I’m so glad that I did, and now that the initial introductions have been completed, I am sure that the next time we are heading this way in Arizona we will visit.  The best fact among many that I know about John is that he was a river runner and guide and a great protector of rivers and watersheds. Just recently the 30 acres Parsons Riverfront Preserve was named for him. Such a well deserved honor.

I was home again by 10 am to pick up Mo and Mattie for our morning plan to drive the loop highway through Sedona.  I have been to Sedona, battled the crowds to hike the beautiful red rock trails, shopped the fancy gift shops and had great meals in the restaurants.  Mo had never seen Sedona, and I really wanted to share this lovely place with her. 

During the early morning hours of a mid week day, the roads weren’t nearly as crowded as I remembered.  The high season runs from about March when the winter warms up until May when the heat of summer begins. The last time I hiked in Sedona was in 2002, when the early September temperature was 106 F and I nearly died from heat exhaustion.

The day was to be a much simpler time.  We drove through town, with traffic and construction, and then north into Oak Creek Canyon where I wanted to see Slide Rock at the state park.  Slide Rock is famous for its beautiful slick red rock with the flowing waters of Oak Creek making an extremely popular playground in the summertime.  We arrived at the park to find that it would cost us ten bucks to enter, that the dog couldn’t go down to the water, and that in order to see Slide Rock we would have to descend 70 some stairs where the dog couldn’t go.  I hemmed and hawed for only a second or two before we both said, Nah….not this time.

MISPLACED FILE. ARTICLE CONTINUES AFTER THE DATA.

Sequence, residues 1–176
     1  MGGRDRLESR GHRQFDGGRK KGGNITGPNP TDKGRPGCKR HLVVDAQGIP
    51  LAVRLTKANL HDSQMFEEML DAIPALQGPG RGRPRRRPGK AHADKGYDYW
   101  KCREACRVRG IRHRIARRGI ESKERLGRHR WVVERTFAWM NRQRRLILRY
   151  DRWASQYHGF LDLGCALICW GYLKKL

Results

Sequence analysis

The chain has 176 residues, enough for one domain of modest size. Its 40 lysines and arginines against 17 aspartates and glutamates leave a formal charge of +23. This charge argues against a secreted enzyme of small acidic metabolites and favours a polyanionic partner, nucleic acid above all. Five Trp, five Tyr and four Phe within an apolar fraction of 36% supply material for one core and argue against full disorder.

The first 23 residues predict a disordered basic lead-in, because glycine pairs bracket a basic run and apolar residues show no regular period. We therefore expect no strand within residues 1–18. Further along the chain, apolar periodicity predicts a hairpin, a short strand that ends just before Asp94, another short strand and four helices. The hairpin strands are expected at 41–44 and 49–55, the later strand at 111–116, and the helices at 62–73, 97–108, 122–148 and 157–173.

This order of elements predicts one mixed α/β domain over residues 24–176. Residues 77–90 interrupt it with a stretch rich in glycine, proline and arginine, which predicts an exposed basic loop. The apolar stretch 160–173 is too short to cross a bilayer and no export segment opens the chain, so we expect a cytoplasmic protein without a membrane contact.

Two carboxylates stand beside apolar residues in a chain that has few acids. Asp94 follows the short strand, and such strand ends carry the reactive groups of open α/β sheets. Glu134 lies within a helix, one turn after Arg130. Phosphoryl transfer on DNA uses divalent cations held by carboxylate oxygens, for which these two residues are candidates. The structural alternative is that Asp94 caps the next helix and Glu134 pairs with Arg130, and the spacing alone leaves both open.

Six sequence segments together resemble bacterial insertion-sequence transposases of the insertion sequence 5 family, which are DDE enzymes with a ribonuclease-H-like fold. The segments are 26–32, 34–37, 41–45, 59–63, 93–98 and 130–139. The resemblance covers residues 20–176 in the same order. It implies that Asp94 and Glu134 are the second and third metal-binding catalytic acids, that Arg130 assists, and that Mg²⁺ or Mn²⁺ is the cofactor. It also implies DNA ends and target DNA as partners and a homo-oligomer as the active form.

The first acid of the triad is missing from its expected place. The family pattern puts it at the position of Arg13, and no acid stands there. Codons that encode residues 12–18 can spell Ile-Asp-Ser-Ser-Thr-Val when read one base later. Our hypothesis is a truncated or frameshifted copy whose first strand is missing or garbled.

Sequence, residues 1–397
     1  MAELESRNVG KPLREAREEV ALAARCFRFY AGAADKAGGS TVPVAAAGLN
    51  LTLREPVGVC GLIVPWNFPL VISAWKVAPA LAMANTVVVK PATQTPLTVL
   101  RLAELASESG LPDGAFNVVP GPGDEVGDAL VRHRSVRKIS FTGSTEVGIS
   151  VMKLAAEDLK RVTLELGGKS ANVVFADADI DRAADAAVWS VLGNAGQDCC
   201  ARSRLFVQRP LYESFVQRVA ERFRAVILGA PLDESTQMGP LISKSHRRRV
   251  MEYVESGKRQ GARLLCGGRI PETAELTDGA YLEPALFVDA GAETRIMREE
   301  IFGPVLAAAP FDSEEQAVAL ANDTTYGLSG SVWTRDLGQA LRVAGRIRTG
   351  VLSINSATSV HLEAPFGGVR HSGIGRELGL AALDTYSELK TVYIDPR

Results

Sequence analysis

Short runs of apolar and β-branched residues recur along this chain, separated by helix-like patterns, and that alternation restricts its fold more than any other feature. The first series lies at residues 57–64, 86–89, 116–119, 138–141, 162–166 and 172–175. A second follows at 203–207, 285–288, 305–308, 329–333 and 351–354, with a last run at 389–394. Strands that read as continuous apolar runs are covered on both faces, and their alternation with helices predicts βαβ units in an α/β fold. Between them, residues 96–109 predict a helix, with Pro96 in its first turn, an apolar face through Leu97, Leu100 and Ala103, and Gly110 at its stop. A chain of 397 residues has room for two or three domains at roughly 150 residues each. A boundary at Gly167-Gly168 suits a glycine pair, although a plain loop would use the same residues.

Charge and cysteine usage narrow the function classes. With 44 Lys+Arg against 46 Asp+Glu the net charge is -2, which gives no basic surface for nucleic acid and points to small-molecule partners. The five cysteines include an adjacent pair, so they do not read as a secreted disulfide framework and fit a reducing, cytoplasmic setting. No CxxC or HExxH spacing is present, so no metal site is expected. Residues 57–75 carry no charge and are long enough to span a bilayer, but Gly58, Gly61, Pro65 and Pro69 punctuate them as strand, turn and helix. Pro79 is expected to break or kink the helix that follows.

We meandered back through town and I suddenly remembered the church.  High on a hill overlooking the red rocks is a truly beautiful chapel, the Chapel of the Holy Cross.  The road to the chapel from the highway isn’t too long, but quite steep and narrow.  Even on this weekday, the parking lot was filled to overflowing, and there is only a tiny turnaround at the top of the hill.  We thought we might have to give up on the chapel when a space opened up for us just a few hundred feet below the stairs that lead to the church.  It was meant to be.  The air was still cool enough that Mattie could wait in the car for us while we visited.

Such a beautiful site and a magnificent architectural marvel of stone and glass overlooking the gorgeous views of the valley.  A surprise just below the church that I didn’t remember from the past was a mansion.  I looked it up and all I found was “Mansion in Sedona”.  I guess there are many such mansions around in an area that is so beloved and so gentrified by wealthy people who want to live somewhere magnificent. 

So many beautiful places are now almost impossible to live in unless you are over the top wealthy.  Ah well.  I would have no desire to compete with the crowds and traffic in my daily life in order to live among the red rocks and famous spiritual vortexes of Sedona. Click on the link if you haven’t heard of the Sedona vortexes.